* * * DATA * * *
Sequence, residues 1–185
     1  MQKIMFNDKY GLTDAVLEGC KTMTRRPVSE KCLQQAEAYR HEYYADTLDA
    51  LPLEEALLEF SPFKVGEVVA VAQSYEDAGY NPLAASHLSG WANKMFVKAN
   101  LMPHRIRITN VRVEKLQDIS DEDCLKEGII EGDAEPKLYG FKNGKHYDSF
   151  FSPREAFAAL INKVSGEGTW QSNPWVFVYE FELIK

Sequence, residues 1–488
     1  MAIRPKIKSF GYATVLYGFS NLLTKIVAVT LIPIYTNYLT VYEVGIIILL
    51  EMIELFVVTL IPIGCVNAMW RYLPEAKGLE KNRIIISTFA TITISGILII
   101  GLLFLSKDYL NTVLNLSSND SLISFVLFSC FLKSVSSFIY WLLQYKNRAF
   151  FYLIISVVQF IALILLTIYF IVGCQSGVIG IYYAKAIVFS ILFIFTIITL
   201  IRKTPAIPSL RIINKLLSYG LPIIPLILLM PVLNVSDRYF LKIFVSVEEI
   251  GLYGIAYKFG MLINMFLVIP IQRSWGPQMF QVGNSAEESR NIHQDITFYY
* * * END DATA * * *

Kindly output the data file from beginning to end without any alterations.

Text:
Sequence, residues 1–185
     1  MQKIMFNDKY GLTDAVLEGC KTMTRRPVSE KCLQQAEAYR HEYYADTLDA
    51  LPLEEALLEF SPFKVGEVVA VAQSYEDAGY NPLAASHLSG WANKMFVKAN
   101  LMPHRIRITN VRVEKLQDIS DEDCLKEGII EGDAEPKLYG FKNGKHYDSF
   151  FSPREAFAAL INKVSGEGTW QSNPWVFVYE FELIK

Sequence, residues 1–488
     1  MAIRPKIKSF GYATVLYGFS NLLTKIVAVT LIPIYTNYLT VYEVGIIILL
    51  EMIELFVVTL IPIGCVNAMW RYLPEAKGLE KNRIIISTFA TITISGILII
   101  GLLFLSKDYL NTVLNLSSND SLISFVLFSC FLKSVSSFIY WLLQYKNRAF
   151  FYLIISVVQF IALILLTIYF IVGCQSGVIG IYYAKAIVFS ILFIFTIITL
   201  IRKTPAIPSL RIINKLLSYG LPIIPLILLM PVLNVSDRYF LKIFVSVEEI
   251  GLYGIAYKFG MLINMFLVIP IQRSWGPQMF QVGNSAEESR NIHQDITFYY